If this injustice is allowed to stand, the Hall of Fame will never include—and fans will never know about—great names of American baseball history such as Smokey Joe Williams. Rube Foster, Willie Wells, Cannonball Dick Redding. Willie Foster, Dave Malarcher, Jud Wilson and Chino Smith, to name but a handful of the black greats.
To exclude them permanently would be tremendously unfair. Between 1886 and 1948 the blacks played the best of the white big-leaguers more than 400 times. The blacks won 268, the whites 168. A fluke? The burden of proof, it seems to me, is on the whites to show that they were not beaten fair and square. There's only one way to win a baseball game: cross home plate more often than the other team. The blacks did this consistently against the best of the whites now in Cooperstown. Yet Cooperstown's doors are being slammed in their faces again.
What is all this about Reggie Jackson having a candy bar named after him (SCORECARD, May 16)? There are already a number of candy bars named after him, each pertaining to a different aspect of his personality or ability.
1. What he thrives on..."Pay Day"
2. His weekly paycheck..."$100,000 Bar"
3. Size of his wallet... "Chunky"
5. Personality..." Snickers"
6. Use of his mouth..."Power House"
7. Defensive ability..."Butterfinger."
In your article on the raptors (Fighting Beak and Claw, May 16) you have given some cause for optimism concerning the amelioration of the plight of certain hawks and eagles. However, the observation that "progress" is the real "leveler" of these magnificent creatures is particularly timely in view of pending legislation that could lead to the destruction of the Boundary Waters Canoe Area, a part of the Superior National Forest in northern Minnesota and a natural breeding ground for bald eagles and many other species.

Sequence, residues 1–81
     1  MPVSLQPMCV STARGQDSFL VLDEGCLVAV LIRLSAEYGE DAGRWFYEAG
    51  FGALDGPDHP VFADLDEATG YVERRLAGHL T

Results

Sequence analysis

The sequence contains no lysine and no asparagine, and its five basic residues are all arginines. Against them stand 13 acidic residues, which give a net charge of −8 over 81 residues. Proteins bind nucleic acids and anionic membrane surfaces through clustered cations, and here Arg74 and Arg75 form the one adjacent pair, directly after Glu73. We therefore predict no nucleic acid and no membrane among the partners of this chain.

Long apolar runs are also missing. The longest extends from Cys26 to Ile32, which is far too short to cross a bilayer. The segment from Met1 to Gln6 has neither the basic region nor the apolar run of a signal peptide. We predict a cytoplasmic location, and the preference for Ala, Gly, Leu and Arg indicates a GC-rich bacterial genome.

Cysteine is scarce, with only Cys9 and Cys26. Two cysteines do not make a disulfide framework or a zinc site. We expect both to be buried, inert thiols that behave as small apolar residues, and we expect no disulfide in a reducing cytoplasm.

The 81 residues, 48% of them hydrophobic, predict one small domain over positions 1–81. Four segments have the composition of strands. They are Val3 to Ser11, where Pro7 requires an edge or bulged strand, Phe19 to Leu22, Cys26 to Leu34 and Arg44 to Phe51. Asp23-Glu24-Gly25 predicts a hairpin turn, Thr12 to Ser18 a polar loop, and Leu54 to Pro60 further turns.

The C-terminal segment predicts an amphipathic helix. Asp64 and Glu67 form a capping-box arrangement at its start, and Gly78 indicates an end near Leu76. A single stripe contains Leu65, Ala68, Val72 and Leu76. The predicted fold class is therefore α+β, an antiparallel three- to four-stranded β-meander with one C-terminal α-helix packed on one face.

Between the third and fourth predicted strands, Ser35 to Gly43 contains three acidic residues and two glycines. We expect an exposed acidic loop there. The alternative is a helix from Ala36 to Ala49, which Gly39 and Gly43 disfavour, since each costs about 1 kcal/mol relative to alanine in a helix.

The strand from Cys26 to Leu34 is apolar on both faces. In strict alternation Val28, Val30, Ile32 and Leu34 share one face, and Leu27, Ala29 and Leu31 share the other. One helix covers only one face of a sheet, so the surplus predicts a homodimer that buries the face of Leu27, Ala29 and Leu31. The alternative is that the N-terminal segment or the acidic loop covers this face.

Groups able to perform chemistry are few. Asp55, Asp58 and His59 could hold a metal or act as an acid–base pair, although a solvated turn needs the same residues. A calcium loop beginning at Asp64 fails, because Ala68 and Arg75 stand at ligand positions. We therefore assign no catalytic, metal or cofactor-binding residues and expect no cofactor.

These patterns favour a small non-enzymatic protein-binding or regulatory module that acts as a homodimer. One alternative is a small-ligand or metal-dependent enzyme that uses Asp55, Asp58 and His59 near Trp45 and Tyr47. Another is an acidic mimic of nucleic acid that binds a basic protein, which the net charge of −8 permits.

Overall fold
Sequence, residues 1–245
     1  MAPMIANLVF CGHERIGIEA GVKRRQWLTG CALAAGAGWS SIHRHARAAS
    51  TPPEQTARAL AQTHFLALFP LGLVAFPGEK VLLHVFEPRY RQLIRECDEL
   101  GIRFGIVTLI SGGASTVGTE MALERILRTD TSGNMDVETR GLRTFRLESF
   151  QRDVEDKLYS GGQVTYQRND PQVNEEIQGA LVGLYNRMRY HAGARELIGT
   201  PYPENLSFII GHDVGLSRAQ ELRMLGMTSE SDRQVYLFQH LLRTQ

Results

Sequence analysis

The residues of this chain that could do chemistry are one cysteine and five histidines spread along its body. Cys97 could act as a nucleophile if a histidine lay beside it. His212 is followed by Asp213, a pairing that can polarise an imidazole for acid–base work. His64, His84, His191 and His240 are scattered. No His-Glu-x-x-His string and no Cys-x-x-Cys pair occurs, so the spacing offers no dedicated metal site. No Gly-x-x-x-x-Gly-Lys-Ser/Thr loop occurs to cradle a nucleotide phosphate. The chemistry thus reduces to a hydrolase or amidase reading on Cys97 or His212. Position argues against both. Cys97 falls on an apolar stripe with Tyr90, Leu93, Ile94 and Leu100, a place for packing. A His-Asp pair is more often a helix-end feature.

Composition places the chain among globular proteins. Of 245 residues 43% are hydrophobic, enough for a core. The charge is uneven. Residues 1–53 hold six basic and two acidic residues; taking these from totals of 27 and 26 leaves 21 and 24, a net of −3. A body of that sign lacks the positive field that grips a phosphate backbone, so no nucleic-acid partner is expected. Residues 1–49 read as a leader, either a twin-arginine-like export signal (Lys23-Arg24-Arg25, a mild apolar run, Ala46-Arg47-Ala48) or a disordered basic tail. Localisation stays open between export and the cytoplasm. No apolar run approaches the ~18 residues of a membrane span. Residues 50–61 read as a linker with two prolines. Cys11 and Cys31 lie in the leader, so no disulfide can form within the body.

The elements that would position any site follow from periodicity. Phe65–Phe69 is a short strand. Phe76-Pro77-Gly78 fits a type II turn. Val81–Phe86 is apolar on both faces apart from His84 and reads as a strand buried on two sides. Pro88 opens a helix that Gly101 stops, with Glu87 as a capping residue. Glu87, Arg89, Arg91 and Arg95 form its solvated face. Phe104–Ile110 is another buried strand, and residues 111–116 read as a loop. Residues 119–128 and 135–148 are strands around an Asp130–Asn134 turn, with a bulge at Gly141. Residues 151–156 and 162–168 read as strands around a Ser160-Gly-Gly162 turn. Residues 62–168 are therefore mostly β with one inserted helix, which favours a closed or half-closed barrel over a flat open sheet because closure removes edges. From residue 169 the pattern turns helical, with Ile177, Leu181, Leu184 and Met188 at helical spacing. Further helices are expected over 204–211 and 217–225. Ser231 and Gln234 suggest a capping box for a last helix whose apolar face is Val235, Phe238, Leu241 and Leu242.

Last summer my two teen-age sons and I went on a seven-day, 60-mile canoe trip in the BWCA. Early in the morning of our second day, as we paddled leisurely through one of the hundreds of island-studded lakes, two mature bald eagles swooped down to within 30 feet of our canoe. One of the birds, wings gracefully extended, plunged his talons into the lake. Both birds then soared away with their trophy, which appeared to be a three-foot northern pike—a trophy, incidentally, that the boys and I were never able to match. Our prize was in witnessing a truly awesome act of nature.
Unfortunately, my boys may never have the opportunity to share such experiences with their sons. A measure introduced into Congress by Representative James L. Oberstar of Minnesota, will, if passed, permit logging, mining, snowmobiling and motor boating in 40% of the BWCA. Anyone who shares my concern should consider writing his Congressman.
West Des Moines, Iowa
?Rep. Oberstar's office says the bill would allow no mining whatsoever, logging would be restricted to the 400,000-acre National Recreation Area (40% of the BWCA), snowmobiling would be confined to designated routes—amounting to about half of those now in use—and motorboating would be permitted only where it is currently allowed.—ED.